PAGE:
This is from Wikipedia;

Fascists believe that a nation is an organic community that requires strong leadership, singular collective identity, and the will and ability to commit violence and wage war in order to keep the nation strong. They claim that culture is created by the collective national society and its state, that cultural ideas are what give individuals identity, and thus they reject individualism

Reject individualism? Singular collective identity? How could such a world exist if books were allowed? OK, one book would be allowed, the book that supported the ideas of the fascists. But numerous books? Books that contained contrary ideas? Books that encouraged free thinking and individual spirit? Such things would have to be destroyed.

Books are precious. They give us insight, understanding, and sometimes even entertain. To burn such a thing seems a horrible act, religious text or not.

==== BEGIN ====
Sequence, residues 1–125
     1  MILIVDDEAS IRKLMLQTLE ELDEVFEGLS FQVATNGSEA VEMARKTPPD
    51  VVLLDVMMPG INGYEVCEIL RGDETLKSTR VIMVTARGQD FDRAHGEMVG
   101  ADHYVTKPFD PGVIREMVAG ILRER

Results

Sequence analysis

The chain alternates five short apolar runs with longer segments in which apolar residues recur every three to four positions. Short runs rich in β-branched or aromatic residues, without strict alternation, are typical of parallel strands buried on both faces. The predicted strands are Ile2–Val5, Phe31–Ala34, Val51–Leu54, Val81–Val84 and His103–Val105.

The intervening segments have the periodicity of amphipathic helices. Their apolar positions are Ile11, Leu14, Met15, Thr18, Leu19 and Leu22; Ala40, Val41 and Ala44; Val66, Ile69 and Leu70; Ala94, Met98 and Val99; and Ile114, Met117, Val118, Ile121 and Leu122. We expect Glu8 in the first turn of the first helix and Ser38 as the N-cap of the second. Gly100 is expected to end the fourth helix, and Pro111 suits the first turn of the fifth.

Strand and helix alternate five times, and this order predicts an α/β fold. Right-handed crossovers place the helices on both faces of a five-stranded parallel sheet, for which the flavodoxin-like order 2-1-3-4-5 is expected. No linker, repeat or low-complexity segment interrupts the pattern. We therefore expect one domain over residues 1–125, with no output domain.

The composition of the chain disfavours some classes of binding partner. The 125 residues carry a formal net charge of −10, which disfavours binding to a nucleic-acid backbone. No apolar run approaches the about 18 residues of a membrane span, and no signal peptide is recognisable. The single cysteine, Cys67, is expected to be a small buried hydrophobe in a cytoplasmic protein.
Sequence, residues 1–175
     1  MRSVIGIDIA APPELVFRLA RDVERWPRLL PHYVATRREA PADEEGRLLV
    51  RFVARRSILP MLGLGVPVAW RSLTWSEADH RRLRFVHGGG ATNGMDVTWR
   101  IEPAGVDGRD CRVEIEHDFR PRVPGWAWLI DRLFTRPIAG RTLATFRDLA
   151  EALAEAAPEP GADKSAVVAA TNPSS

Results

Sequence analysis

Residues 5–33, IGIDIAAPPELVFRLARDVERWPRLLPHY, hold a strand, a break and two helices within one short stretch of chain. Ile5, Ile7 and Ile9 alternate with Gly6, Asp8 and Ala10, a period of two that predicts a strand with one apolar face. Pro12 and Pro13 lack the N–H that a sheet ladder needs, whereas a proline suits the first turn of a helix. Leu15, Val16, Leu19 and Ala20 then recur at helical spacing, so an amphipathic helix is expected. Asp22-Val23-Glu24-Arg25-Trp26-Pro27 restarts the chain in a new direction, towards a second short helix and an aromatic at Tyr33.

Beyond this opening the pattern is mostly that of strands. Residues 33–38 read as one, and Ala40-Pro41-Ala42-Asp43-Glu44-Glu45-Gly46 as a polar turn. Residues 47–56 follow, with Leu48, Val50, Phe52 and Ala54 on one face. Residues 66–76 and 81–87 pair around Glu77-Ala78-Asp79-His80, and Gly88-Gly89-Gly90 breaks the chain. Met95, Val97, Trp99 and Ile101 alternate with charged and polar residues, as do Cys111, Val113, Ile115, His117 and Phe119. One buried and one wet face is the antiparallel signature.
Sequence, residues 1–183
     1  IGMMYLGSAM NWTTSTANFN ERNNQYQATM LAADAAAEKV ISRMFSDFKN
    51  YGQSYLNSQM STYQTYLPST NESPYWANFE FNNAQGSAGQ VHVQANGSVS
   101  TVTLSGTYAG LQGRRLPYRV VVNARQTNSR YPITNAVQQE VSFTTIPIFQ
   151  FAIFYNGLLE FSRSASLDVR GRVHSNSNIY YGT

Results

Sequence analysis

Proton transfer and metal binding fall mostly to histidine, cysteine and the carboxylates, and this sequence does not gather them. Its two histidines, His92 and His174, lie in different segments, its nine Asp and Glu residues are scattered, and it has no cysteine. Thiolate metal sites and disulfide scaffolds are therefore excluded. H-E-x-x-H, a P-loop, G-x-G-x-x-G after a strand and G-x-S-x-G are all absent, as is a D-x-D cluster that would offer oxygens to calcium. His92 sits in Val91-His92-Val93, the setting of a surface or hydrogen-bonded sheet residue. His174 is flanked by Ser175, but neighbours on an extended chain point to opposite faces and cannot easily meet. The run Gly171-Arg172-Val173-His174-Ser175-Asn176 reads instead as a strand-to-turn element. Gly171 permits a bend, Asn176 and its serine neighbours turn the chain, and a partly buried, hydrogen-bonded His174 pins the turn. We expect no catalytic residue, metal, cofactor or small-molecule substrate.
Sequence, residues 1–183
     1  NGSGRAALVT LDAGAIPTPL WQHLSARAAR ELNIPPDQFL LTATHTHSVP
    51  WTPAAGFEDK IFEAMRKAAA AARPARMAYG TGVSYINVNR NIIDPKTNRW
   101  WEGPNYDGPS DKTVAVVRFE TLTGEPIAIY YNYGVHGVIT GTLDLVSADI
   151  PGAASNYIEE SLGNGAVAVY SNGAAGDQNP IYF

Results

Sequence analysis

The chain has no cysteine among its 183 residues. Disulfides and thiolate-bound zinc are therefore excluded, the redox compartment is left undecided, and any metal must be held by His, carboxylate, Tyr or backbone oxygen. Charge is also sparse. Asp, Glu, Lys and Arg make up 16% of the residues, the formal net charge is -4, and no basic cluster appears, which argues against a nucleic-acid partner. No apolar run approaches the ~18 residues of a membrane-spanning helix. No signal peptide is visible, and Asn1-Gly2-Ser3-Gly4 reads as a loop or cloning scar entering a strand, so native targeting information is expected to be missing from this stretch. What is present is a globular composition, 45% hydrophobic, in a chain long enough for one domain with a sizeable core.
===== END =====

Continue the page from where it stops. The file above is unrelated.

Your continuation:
Don’t join the book burners. Don’t think you’re going to conceal faults by concealing evidence that they ever existed. Don’t be afraid to go in your library and read every book…

Dwight D. Eisenhower (1890 – 1969)

Who do I want to be when I grow up?

First off, a little thanks to those of you who have stayed subscribed & have been coming by to check the site.  I know I’ve been pretty quiet this summer, but school’s return will allow me far more time for the writing bug, so I will be here more frequently.

Now, for the actual purpose of this post.